All concur except Peradotto, J.P., who dissents and votes to affirm in the following memorandum: I respectfully dissent because I cannot agree with the majority's conclusion that defendant's submissions in opposition are sufficient to defeat plaintiff's motion for summary judgment. I would therefore affirm.
Defendant entered into a line of credit note (note) whereby plaintiff extended $600,000 in credit to defendant and defendant thereafter borrowed just over $518,000 for the construction of a residential home. In addition to the note, defendant also executed a pledge and security agreement (pledge), in which he pledged as collateral for the line of credit his shares of stock in a [*3]corporation. The plain language of the note and the pledge (collectively, agreement) unambiguously provided that, upon default, the outstanding principal and accrued interest together with any additional amounts payable could be accelerated and become immediately due and payable at plaintiff's option, that plaintiff could exercise any of the rights and remedies under the agreement or applicable law, and that plaintiff's rights and remedies were cumulative and not exclusive of any others under the agreement or applicable law.
Defendant defaulted on a debt of principal and accrued interest totaling over $524,000. After defendant failed to comply with a demand for payment made a few years later, plaintiff moved for summary judgment in lieu of complaint pursuant to CPLR 3213 seeking judgment totaling approximately $607,000, i.e., the principal with additional accrued interest. It is undisputed that plaintiff met its initial burden on the motion.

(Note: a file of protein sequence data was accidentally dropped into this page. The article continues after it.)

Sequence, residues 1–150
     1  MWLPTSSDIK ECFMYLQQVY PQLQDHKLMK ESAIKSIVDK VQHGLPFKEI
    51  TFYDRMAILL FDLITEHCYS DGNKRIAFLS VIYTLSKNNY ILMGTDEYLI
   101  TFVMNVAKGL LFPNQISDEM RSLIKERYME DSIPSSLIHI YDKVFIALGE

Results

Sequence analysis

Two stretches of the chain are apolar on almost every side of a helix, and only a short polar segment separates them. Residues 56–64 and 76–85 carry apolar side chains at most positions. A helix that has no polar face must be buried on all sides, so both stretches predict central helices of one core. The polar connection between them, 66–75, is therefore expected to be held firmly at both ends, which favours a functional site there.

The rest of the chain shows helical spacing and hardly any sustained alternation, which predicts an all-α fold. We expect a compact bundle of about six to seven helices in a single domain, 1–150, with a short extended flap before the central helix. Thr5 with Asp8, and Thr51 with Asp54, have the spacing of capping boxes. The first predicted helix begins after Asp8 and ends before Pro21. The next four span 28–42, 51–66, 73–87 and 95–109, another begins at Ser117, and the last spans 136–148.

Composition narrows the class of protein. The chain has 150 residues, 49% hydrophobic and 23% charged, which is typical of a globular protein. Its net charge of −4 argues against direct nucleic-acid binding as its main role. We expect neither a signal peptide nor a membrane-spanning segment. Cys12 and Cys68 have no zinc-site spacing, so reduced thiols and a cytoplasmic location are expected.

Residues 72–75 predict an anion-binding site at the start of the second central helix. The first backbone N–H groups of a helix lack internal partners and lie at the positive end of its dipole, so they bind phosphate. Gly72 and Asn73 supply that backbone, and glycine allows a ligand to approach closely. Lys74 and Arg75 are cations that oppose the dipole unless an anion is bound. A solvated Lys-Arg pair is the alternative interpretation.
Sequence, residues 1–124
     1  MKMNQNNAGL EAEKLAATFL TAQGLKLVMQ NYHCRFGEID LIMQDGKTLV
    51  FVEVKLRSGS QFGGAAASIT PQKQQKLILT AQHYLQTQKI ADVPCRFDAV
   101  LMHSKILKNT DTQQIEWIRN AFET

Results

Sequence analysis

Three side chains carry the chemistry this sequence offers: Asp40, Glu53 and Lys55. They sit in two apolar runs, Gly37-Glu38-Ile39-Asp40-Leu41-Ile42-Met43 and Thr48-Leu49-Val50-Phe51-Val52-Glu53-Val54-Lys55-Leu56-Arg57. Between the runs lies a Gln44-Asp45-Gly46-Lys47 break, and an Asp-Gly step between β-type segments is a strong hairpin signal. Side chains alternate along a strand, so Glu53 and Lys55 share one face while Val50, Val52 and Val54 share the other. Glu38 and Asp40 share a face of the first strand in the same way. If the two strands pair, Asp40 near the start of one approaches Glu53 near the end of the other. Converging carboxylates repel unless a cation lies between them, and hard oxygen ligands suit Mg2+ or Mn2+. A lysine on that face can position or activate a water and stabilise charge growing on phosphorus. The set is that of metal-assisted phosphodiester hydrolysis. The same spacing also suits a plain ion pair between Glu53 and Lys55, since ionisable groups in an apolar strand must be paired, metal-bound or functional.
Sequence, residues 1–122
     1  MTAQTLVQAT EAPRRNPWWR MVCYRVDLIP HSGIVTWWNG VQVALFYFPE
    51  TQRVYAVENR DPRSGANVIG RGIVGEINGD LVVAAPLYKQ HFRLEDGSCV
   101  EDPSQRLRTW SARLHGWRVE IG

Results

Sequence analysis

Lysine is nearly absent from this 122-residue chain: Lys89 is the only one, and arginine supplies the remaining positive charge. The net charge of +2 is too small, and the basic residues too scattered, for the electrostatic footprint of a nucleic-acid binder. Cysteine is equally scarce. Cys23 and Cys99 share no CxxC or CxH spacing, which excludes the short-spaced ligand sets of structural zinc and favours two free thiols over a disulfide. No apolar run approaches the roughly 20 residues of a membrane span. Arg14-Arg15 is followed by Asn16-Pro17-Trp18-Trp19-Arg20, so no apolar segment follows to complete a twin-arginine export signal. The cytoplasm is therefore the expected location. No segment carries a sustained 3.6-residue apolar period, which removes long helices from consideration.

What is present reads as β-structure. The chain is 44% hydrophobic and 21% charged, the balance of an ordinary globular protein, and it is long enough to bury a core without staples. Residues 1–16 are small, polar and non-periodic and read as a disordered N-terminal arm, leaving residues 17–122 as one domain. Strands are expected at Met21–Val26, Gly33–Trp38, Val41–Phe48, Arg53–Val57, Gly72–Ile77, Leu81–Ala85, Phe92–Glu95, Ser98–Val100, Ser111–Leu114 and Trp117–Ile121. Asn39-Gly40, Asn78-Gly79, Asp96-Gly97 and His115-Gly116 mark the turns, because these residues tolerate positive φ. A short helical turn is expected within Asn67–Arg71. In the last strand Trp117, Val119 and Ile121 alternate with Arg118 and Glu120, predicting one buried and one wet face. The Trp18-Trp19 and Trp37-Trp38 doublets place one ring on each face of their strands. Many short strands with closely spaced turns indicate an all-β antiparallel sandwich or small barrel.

In opposition, defendant contended that there was a mutual mistake present in the agreement, namely, that both parties had intended the agreement to constitute a "non-recourse" loan in which plaintiff's remedy for collecting on the note would be limited solely to "the valuation and appropriate reduction" of defendant's relevant stock ownership, and that under no circumstances was the intention to allow plaintiff to seek repayment from defendant personally independent of his stock ownership. Defendant submitted his own affidavit, which was materially the same as the affidavit he submitted from plaintiff's former chief investment officer (CIO). The CIO averred that, during his former employment, he was "responsible for making investment decisions for [plaintiff], which included negotiating and entering into [the subject] loan transaction." According to the CIO, he and defendant discussed and agreed that plaintiff's right to secure repayment of the loan would be limited to defendant's stock interest in the corporation. The agreement constituted a non-recourse loan in which plaintiff could use defendant's stock ownership to repay the note or, alternatively, defendant could pay the note when due in order to preserve his stock ownership. The CIO averred that he stated as much to defendant and that under no circumstances was it his or plaintiff's intention to require defendant to personally repay the note independent of his stock interest. The CIO further averred that, "[i]n connection with the loan, at [his] request [plaintiff's] outside legal counsel . . . drafted the loan documents." The CIO concluded that, "[t]o the extent that [plaintiff] maintains in this action that the [n]ote provides that [plaintiff's] right to repayment of the loan was not limited solely to the reduction of [defendant's] shares . . . , this was a mistake in drafting by [plaintiff's] outside counsel."